By Prof. JOSE MARIA SISON,
NDFP Chief Political Consultant
As requested by Sonny Mallari,
Philippine Daily Inquirer, 22 June 2013
Sonny Mallari (SM): In view of the recent statements of Alex Padilla in Rappler, are the peace talks already dead? Please comment on his statements.
Jose Maria Sison (JMS): It is Alex Padilla who says that the peace talks are dead. This may be true, especially during the Aquino regime, which has the illusion that it can destroy the revolutionary movement with the US-designed Oplan Bayanihan (Aquino government's counter-insurgency program). But I believe that peace advocates will increasingly call for peace negotiations because of the worsening economic and social crisis, the growing strength of the revolutionary movement, and the intensification of the civil war.
Rappler (Rap): Padilla, a former activist himself who knew Sison and the other National Democratic Front of the Philippines panel members, said he started the talks believing he was the right man for the job. But he said he later realized it was a futile effort.
JMS: Louie Jalandoni and I were glad that Alex Padilla was appointed GPH (government of the Republic of the Philippines) Negotiating Panel Chairman at the start. We thought that having come from BAYAN (Bagong Alyansang Makabayan, New Patriotic Alliance) he would understand the viewpoint of the NDFP and would know how to arrive at the middle ground, like Silvestre Bello III who had also come from BAYAN. Then, when the peace negotiations deteriorated, we thought that Padilla was following orders from his superiors. But now, he himself expresses his own view that the peace negotiations are a futile effort and, of course, he blames others for his frustrations.
Rap: “After assessing the behavior or the process itself, I was convinced that it was a process that would never end. That it was a process actually intended not for peace but to continue the war to get concessions in the meantime,” Padilla said.
JMS: The Aquino regime, its peace advisor Deles and chief negotiator Padilla have ensured that there are no more peace negotiations during the term of the regime because of the following:
- Since the first formal talks in February 2011, they have vilified The Hague Joint Declaration as a "document of perpetual division" and have insulted the NDFP and previous regimes for making more than ten agreements, which include the now world famous Comprehensive Agreement on Respect for Human Rights and International Humanitarian Law (CARHRIHL).
- They have always misrepresented the NDFP demand for GRP or GPH compliance with the Joint Agreement on Safety and Immunity Guarantees (JASIG) as preconditioning the negotiations, and have consistently refused to release under the JASIG any JASIG-protected political prisoner.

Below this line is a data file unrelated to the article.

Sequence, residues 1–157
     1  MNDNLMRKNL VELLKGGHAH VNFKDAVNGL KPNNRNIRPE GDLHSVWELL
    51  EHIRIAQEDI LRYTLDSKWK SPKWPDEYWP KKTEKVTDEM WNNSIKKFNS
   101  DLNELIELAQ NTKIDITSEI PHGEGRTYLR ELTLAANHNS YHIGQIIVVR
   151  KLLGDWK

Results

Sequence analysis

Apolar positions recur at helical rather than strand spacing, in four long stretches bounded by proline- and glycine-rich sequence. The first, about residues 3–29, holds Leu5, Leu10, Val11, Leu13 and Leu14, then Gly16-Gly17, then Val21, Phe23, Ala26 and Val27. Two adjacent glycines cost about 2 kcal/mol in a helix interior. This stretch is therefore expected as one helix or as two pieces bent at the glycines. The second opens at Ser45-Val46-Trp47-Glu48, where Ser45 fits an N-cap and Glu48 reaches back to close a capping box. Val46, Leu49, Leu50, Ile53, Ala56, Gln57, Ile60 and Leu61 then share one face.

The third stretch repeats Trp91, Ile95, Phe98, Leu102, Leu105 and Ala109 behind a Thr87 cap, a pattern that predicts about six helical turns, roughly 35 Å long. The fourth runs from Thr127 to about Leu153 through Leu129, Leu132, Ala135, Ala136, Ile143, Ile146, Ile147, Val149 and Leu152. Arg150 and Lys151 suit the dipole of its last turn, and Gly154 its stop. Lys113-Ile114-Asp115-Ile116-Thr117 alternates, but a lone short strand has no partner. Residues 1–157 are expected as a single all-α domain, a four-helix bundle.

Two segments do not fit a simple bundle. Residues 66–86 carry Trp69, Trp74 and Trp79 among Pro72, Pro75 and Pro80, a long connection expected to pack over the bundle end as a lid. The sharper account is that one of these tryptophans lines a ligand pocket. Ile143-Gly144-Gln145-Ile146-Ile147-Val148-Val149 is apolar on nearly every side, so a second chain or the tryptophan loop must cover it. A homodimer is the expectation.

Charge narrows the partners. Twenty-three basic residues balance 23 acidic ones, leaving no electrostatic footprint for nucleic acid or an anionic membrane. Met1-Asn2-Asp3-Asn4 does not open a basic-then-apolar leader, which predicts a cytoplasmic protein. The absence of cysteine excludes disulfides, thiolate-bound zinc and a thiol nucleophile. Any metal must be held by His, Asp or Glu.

- They have insisted that the Aquino regime is not bound by any GRP agreement with the NDFP, and in effect it is useless to negotiate and make agreements with the GPH.
- They always demand a kind of indefinite ceasefire that can allow the GPH to make unnecessary the continuance of peace negotiations on the substantive agenda.
- They are the ones who have finally terminated the peace negotiations since April 2013 and have been so arrogant as not to give any formal notice of termination to the NDFP in accordance with the JASIG.
“After February, it was a complete impasse because Joma Sison wanted us to first terminate the conditional cash transfer, to finish the Oplan Bayanihan of the Armed Forces of the Philippines, to stop all the PAMANA efforts, to give land to 5 million landless farmers, etcetera, before we can even move on to that next level,” Padilla said.
The conditional cash transfer is the government's flagship program to fight poverty, while Oplan Bayanihan is the military's counter-insurgency campaign that's focused on building communities.
JMS: The Amsterdam meeting of February 2013 was intended to pave the way for the so-called first historic meeting in Hanoi between Aquino as GRP president and myself as CPP Founding Chairman.
This was supposed to be similar to the earlier Aquino-Murad meeting in Tokyo in August 2011. Presidential political adviser Ronald Llamas had proposed the Aquino-Sison meeting since November 2012 and became the subject of several meetings, with the participation of Royal Norwegian Government special envoy Ture Lundh, before February 2013.
At the Amsterdam meeting of February 2013, it was enough for the GPH and NDFP delegations to draft the communique for the projected Hanoi meeting. But the GPH delegation ignored the NDFP draft communique and insisted on limiting the discussion to the GPH draft declaration for "indefinite unilateral simultaneous ceasefires" and to the NDFP initial draft general declaration.